Blog: Conventions of Communication

Conventions of Communication. What are the ways in which you communicate on-site? Do you mostly use electronic or face-to-face communication, or a combination of both? How do the conventions change depending on the format? What new vocabularies and conventions are you learning?

Photo by Michal Czyz on Unsplash

In 2020, communication is drastically changing right in front of our eyes.

Whether this be due to advances in technology or fears over spreading COVID-19, communication is not what it used to be. While working at my internship, I can’t help but realize how drastically different it could have been just a few years ago.

Face-to-face communication is still rather common, whether for general meetings or collaboration on projects. However, it only happens when it has to. Most communication happens through text and email. Even interviews for audio packages are either conducted via zoom or at a (social) distance. The idea of a face-to-face interview in someone’s office seems asinine, though just 9 or so short months ago, it would have been a common occurance.

When discussing language and communication, there is a stark difference between in-person speech and the digital world of email and text. I try to sound as proper and professional as possible in person, though it’s always a more laid-back tone. Once you get to know the people you work with, you get comfortable with them. You no longer have to stay on your toes about what you say or how you say it (so long as it’s appropriate for the workplace, that is).

However, when it comes to digital communication, it’s much easier to come across as much more professional than you might in person. You can swap out simple terms for big words you might not even know how to pronounce. You can go back and make sure everything is gramatically correct, and you can triple check to make sure your point gets across.

As for new vocabularies, there aren’t many thus far. Mostly, it’s just a regurgitation of lingo I’ve learned during my studies at Arkansas State. Most communication is about story ideas and how to go about them. In that limited sense, being as simplistic as possible is often the best approach. Over-complicating it with new terminologies would just muddy the waters and could distance the wanted product from reality.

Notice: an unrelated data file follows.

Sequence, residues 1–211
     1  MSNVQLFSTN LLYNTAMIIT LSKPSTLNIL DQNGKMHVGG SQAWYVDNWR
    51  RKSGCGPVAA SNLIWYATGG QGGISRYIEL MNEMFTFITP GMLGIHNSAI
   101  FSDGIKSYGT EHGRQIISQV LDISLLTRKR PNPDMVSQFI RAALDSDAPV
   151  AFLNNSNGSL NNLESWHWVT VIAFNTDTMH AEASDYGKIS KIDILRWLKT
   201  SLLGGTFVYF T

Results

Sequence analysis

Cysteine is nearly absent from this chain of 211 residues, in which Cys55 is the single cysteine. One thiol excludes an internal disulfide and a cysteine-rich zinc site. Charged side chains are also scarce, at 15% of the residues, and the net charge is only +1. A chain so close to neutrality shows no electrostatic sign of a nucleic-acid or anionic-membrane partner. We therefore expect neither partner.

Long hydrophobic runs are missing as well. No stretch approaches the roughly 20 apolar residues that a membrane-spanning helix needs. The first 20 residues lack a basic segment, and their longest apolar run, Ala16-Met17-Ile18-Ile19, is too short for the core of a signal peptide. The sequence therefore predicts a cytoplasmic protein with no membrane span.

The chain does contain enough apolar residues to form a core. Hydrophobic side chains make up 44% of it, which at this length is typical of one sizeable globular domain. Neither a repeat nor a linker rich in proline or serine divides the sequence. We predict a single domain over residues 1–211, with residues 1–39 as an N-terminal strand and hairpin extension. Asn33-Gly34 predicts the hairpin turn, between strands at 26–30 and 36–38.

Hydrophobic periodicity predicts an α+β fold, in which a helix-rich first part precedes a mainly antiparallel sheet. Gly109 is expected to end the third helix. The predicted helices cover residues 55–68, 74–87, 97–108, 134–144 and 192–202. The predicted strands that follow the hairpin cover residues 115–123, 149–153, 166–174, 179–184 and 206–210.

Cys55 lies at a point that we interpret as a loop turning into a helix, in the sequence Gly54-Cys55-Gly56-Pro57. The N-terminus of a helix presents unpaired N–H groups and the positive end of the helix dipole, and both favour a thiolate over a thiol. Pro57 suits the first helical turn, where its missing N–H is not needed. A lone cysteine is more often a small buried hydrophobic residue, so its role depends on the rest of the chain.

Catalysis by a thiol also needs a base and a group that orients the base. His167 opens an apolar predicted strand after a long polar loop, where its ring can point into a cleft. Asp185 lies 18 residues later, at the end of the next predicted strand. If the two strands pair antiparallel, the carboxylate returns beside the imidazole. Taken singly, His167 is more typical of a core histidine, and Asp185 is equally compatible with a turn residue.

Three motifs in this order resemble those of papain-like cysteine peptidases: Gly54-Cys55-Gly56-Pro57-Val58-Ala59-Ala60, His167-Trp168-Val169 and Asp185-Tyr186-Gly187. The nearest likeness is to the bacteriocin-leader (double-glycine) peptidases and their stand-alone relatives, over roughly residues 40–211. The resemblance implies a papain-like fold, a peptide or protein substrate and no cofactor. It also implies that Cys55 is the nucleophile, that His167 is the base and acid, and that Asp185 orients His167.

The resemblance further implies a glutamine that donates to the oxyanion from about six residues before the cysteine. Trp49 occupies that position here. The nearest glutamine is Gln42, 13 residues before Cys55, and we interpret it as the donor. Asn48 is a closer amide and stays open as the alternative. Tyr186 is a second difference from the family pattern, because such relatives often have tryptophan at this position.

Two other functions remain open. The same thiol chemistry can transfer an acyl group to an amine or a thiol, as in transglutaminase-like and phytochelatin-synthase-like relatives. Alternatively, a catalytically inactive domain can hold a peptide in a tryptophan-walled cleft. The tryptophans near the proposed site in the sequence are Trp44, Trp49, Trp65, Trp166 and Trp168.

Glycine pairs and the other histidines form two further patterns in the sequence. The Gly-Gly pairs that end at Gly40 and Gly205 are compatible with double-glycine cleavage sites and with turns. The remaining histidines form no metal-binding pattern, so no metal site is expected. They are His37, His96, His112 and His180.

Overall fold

As a communications major working in an industry built on communication, it’s obviously a huge factor. Though, somehow, it has also become something of an afterthought.

Categories: Blog Posts

1 reply

  1. Chase,

    I like your point where you say, “Face-to-face communication is still rather common, whether for general meetings or collaboration on projects. However, it only happens when it has to.” I find this to have been pretty true to my own experience as well. Many times I have gone to Ritter’s physical office in town and collaborated with a few to several different people while being in close proximity to each other. That face-to-face communication has been adjusted, though, with the wearing of masks and trying to stay an appropriate distance away from each other when we can.

    I also agree with what you say about digital communication. It is very easy to show your most professional self when you are communicating via email. Or, you can allow yourself to get VERY casual and talk through text. Most of the time, the way that my supervisor and I talk is through text. It could be that she is young like me, but the tone that has developed in those conversations are pretty chill.


Leave a Reply

Fill in your details below or click an icon to log in: Logo

You are commenting using your account. Log Out /  Change )

Google photo

You are commenting using your Google account. Log Out /  Change )

Twitter picture

You are commenting using your Twitter account. Log Out /  Change )

Facebook photo

You are commenting using your Facebook account. Log Out /  Change )

Connecting to %s

%d bloggers like this: